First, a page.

. What types of jobs are involved? A wide array of jobs have already been shipped overseas, including call-center operators, information tech nology, accounting, architecture, newspaper reporting, medical and legal services, and high-level engineering design. One report estimates that 2.3 million U.S. jobs in banking and securities may move overseas. Another study predicts that 700,000 customer service and corporate back-office jobs will move from the United States to India by 2008. According to one outsourcing CEO, any work that can be sent over a wire can be sent off¬shore. As a result, highly sensitive information on personal finances and medical records is being handled offshore.
Who’s driving the outsourcing phenomenon? U.S. companies are enthusiastically embracing offshoring. Company managers and executives are being told that offshoring is an “imperative,” and if they want to keep their jobs, they must outsource. Many companies have employed programs to accelerate the process that they euphemistically call “knowledge trans¬fer,” whereby they force their U.S. workers to train foreign replacements. The U.S. worker is then laid off after his or her knowledge has been extract¬ed. Venture-capital firms are forcing their start-up firms to outsource as much work as possible. Venture-capital-funded start-up firms are recog¬nized as the lifeblood of future innovation and a major reason for Silicon Valley’s success. If these jobs are outsourced, what are the implications for future innovation? And the response from "American" universities has been nothing short of remarkable. Rather than focus their vast resources, intellectual and financial, on helping American students and workers respond to outsourcing, they have instead pursued business opportunities. They have embraced outsoucing by creating research institutes, really consulting shops, to help firms more effectively ship jobs overseas. They are working hand in hand with corporations to improve management practices of shipping high-level work overseas. And they have begun to build campuses and programs in low cost countries to serve workers in the outsourcing sectors of those countries. So, the universities, which are heavily subsidized by U.S. taxpayers, are undercutting American workers in the pursuit of their own profits just as multinational corporations. In fact, Cornell University, an Ivy-League school and land-grant institution, has declared itself a "Transnational University" in its mission statement.
Can the United States compete with low-cost labor abroad? Wages in developing countries such as India and China are 10 to 20 percent of comparable U.S. workers, and there is a nearly endless supply of educated underemployed workers in those countries. And it is much cheaper to live in a developing country. For example, the cost of living in India or China is one-fifth that of the United States. Wages in those countries will not reach parity with those in the United States for many years, maybe decades. Many other developing countries, such as those in Eastern Europe and Latin America, are trying to emulate India’s success, adding even more competi¬tion for U.S. workers.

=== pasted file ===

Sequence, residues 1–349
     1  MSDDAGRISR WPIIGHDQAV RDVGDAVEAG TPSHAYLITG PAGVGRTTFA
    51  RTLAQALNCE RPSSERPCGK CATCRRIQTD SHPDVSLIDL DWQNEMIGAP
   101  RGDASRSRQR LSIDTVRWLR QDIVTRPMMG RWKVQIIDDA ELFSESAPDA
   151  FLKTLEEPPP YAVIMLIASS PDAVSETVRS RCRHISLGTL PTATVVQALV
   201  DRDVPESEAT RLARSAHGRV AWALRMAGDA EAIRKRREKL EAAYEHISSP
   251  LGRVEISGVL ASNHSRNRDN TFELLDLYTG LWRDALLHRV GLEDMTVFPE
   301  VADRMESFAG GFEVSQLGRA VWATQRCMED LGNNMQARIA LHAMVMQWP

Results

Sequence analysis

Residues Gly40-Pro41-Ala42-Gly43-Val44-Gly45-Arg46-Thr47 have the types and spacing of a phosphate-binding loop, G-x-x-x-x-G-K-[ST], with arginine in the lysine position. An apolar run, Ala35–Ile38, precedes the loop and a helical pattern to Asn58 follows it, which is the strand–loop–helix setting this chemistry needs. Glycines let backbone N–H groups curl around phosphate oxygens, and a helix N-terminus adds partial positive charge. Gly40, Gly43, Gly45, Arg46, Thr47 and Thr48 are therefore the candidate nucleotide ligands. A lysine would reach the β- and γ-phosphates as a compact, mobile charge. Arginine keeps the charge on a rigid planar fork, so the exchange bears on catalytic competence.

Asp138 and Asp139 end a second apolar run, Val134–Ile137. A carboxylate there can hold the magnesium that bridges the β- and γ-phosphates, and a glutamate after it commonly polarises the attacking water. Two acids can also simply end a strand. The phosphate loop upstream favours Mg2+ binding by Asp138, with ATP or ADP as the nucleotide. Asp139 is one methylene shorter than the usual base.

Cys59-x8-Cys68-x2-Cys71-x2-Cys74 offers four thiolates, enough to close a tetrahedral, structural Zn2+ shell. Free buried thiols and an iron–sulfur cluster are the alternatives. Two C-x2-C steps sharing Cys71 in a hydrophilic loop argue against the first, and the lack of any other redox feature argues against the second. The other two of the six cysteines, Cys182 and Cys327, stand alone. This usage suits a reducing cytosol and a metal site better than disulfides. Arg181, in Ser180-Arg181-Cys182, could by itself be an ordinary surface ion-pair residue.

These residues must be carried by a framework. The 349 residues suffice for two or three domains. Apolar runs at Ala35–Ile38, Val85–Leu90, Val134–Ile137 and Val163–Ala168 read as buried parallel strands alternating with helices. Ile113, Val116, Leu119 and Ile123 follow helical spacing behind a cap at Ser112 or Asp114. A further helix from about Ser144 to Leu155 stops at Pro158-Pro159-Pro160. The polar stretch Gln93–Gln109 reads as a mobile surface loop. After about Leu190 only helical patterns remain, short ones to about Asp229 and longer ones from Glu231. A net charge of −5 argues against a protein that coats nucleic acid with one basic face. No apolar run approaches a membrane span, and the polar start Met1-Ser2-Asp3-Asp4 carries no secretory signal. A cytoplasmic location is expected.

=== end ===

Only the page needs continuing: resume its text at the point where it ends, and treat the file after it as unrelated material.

Will the United States be out front in the next technological revo¬lution? Not necessarily. Many of our best and brightest students are not majoring in technology disciplines because of the fear of offshoring. For example, computer science enrollment dropped by 20 40 percent in the between 20013– 064 academic years. This threatens America’s future ability to innovate. The next generation of innovative jobs easily could move overseas as India, China, and other low-cost countries attract high-level research and devel¬opment work. So, the expectation that the United States will generate the next wave of innovation in biotechnology or nanotechnology is just blind faith. No one knows when those jobs will appear and, more important, how many of them will be captured by other countries. China is the number two producer of scientific papers on nanotechnology, a field that is considered on the cutting edge. And companies are expanding their research facilities in low-cost countries much faster than in the U.S. General Electric employs more researchers in India than America.
Can displaced U.S. workers find other jobs? The track record for the reemployment of displaced U.S. workers is abysmal. The Department of Labor reports that more than one in three workers who are displaced remains unemployed, and many of those who are lucky enough to find jobs take major pay cuts. Many former manufacturing workers who were dis¬placed a decade ago because of manufacturing that went offshore took training courses and found jobs in the information technology sector. They are now facing the unenviable situation of having their second career dis¬appear overseas. And no one can point to the logical replacement occupa¬tion of the future, the way that information technology once served for manufacturing.